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Chambliss Wins Ga. Run-off, Democrats Fall Short of 60 Senate Seats

BY Admin  December 3, 2008 at 4:00 PM EDT

Chambliss speaks to supporters on Dec. 2; AP photo

Chambliss’ win over Jim Martin ended Democratic hopes of securing a filibuster-proof majority, which would make it easier to pass legislation.

In his run-off campaign, Chambliss reminded Republican voters that electing Martin would put Democrats one seat closer to giving a “blank check” to President-elect Barack Obama. Democrats already hold a solid majority in the House of Representatives.

“You have delivered a message that a balance in government in Washington is necessary and that’s not only what the people of Georgia want, it’s what the people of America want,” Chambliss told supporters Tuesday evening after Martin called to concede the race.

Democrats won at least seven seats held by Republicans in the general election, putting the balance of power for the incoming Senate at 58 Democrats and 41 Republicans, including the two Independents who caucus with the Democrats.

But one race remains to be called in Minnesota between incumbent GOP Sen. Norm Coleman and Democrat Al Franken as the state completes a mandatory recount.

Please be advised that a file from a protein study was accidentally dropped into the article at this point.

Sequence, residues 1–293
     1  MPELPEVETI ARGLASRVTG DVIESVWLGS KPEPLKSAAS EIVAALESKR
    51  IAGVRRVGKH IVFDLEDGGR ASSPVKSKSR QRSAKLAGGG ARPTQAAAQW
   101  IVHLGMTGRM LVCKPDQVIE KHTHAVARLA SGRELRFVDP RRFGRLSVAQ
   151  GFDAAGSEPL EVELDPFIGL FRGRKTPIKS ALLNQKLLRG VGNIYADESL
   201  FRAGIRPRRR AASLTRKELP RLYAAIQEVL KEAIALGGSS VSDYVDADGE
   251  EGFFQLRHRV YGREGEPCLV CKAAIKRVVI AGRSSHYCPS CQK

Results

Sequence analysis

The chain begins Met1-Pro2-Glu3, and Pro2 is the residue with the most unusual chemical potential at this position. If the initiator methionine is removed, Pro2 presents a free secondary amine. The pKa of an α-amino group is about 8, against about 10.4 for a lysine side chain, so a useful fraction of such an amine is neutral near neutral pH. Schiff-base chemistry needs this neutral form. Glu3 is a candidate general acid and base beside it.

The Georgia race had attracted some of the biggest names from both parties, including Republican presidential candidate John McCain and running mate Sarah Palin campaigning for Chambliss and former President Bill Clinton and his vice president appearing on behalf of Martin.

According to unofficial results from the Georgia Secretary of State, Chambliss won 57.4 percent of the vote while Martin won 42.6 percent with 97 percent of precincts reporting.

The general election numbers were much closer, with Chambliss winning 49.8 percent of the vote and Democrat Jim Martin 46.8 percent, according to official results from Georgia’s Secretary of State. Libertarian candidate Allen Buckley won 3.4 percent of the vote. The state mandates a run-off if a candidate does not win 50 percent plus one vote.

The disparity between the run-off tally and the Nov. 4 vote may be attributed to poor turnout among the state’s Democratic voters, who showed up to vote for Mr. Obama but did not turn out again Tuesday.

“For a lot of African-American voters, the real election was last month,” said Merle Black, an expert in Southern politics at Emory University, according to the New York Times. “The importance of electing the first African-American president in history generated enormous enthusiasm. Everything else was anticlimactic.”

Obama did not campaign in Georgia for Martin but he did record a radio ad for the Democrat and left his campaign offices open.

In Minnesota, the state has recounted 92.69 percent of the ballots, according to the Secretary of State’s office. Unofficial results show Democrat Franken holding a slight lead with 41.47 percent compared to Coleman’s 41.38.